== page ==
Domestic violence survivors shouldn’t face eviction just because the crime takes place in their home. The ACLU has been advocating for 15 years to establish survivors’ rights to stay in their homes after reporting domestic violence and sexual assault. Those rights are now a reality for millions of people across the country.

Today I was part of a forum with Department of Housing and Urban Development Secretary Julian Castro at which he announced three housing reforms that will help protect victims like Tonya from losing their homes. Speaking at the National Coalition Against Domestic Violence conference in Chandler, Arizona, Castro announced new regulations from HUD that guarantee survivors of domestic violence, sexual assault, dating violence, and stalking protection from eviction from federally funded housing. The regulations, which carry out housing rights created by the Violence Against Women Act (VAWA), apply to privately owned affordable housing developed with tax credits, public housing, and Section 8 housing. The regulations also state that housing providers must develop policies that offer emergency transfer options for survivors who need to move to another location for safety reasons.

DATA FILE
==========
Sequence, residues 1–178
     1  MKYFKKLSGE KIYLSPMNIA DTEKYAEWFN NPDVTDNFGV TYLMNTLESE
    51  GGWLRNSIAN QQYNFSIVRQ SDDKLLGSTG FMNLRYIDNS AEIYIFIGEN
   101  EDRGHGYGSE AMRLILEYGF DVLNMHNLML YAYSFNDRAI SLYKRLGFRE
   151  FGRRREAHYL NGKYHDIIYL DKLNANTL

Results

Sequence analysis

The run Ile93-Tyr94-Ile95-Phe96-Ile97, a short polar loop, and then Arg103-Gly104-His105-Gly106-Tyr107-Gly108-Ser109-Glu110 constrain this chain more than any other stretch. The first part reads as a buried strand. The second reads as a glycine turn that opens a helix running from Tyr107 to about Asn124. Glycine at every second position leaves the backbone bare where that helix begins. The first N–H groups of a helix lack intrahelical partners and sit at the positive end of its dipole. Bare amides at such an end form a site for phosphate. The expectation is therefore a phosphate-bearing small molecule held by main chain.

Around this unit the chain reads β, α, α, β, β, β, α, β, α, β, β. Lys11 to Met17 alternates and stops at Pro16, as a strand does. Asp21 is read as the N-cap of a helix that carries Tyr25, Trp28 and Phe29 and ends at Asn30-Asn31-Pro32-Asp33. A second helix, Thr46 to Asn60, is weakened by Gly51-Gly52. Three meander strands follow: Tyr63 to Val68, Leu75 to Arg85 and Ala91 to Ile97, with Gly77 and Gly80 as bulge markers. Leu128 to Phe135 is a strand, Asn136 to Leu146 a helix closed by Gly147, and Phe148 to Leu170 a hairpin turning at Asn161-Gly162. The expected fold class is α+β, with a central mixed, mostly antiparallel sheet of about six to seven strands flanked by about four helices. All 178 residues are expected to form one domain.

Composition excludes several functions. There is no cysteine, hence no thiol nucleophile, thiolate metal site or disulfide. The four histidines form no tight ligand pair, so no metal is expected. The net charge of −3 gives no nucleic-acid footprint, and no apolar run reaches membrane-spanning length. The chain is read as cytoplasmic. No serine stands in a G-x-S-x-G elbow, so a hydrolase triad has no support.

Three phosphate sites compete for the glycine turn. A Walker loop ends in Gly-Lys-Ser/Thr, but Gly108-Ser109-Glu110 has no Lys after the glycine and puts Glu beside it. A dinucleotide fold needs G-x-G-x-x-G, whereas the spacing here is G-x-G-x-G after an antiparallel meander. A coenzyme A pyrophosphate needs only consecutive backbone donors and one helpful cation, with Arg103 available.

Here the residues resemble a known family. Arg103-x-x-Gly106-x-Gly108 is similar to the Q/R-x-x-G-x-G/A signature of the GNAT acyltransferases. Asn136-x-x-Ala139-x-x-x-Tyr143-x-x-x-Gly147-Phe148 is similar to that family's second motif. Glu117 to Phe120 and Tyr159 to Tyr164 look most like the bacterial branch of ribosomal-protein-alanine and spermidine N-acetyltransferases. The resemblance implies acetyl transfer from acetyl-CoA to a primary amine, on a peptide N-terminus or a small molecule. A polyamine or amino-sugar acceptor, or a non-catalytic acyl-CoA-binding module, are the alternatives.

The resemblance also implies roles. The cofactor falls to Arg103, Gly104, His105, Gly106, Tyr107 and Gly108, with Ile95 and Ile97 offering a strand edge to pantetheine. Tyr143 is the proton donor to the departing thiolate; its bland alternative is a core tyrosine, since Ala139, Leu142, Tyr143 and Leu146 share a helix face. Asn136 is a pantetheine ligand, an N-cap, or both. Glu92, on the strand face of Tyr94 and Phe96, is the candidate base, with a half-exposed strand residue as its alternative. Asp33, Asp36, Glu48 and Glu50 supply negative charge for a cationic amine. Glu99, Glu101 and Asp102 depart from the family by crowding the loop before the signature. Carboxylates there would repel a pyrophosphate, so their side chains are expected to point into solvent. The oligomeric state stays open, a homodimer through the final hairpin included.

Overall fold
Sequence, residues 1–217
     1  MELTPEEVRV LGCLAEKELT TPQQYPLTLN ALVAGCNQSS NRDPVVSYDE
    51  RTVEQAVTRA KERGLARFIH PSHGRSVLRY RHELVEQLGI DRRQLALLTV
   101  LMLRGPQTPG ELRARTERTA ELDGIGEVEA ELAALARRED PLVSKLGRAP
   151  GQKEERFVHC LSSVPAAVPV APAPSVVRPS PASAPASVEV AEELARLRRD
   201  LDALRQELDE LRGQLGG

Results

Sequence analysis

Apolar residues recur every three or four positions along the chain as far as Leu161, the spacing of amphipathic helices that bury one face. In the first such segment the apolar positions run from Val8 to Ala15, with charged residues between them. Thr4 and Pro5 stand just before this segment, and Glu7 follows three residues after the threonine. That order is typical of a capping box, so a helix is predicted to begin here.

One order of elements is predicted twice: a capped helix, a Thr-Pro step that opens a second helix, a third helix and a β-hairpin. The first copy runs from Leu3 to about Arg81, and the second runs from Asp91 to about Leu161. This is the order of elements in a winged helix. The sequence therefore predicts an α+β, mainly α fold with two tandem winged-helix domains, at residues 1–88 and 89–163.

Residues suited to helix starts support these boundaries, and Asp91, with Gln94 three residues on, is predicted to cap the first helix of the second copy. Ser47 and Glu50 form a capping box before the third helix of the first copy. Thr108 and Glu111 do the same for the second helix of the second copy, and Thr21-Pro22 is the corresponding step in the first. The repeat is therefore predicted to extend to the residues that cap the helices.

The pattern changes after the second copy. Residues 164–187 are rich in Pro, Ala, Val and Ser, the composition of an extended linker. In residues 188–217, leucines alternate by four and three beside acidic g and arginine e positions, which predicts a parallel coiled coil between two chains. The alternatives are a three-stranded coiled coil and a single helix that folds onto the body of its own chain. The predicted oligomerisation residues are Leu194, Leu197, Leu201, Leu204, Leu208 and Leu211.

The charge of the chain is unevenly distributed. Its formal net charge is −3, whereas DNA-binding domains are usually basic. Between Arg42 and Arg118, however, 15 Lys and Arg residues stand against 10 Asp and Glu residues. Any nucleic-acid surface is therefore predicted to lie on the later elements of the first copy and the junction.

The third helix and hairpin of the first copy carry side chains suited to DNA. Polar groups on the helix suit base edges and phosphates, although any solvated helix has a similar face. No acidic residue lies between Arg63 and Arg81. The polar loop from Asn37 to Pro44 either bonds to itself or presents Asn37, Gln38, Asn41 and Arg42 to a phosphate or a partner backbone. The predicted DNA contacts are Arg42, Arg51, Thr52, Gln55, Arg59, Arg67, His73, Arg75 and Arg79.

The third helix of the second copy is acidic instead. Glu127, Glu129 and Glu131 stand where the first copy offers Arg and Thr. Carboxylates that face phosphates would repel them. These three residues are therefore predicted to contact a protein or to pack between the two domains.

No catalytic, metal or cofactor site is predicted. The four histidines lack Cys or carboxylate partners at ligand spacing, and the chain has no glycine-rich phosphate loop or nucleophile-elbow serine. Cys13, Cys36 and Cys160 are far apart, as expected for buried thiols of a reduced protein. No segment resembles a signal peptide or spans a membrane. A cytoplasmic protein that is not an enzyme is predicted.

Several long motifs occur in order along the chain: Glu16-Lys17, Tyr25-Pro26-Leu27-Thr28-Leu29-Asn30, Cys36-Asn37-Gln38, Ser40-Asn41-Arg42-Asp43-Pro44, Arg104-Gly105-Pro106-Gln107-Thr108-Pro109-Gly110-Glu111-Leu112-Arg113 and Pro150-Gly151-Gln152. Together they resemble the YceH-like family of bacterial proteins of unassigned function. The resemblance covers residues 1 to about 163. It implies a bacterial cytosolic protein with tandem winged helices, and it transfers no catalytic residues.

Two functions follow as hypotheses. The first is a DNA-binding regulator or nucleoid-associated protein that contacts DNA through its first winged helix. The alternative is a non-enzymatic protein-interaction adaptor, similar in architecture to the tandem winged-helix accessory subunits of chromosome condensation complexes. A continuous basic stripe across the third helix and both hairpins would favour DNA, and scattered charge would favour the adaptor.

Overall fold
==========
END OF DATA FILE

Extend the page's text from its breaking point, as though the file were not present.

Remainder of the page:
Survivors also often confront local nuisance, or crime-free, ordinances. These ordinances exist around the country and penalize tenants for calling 911 for criminal activity at their home, even when they are the victims. For example, Nancy Markham was nearly kicked out of her Surprise, Arizona, home after calling the police for protection from domestic violence. There was a city ordinance that treated 911 calls as “nuisances” that could lead to eviction.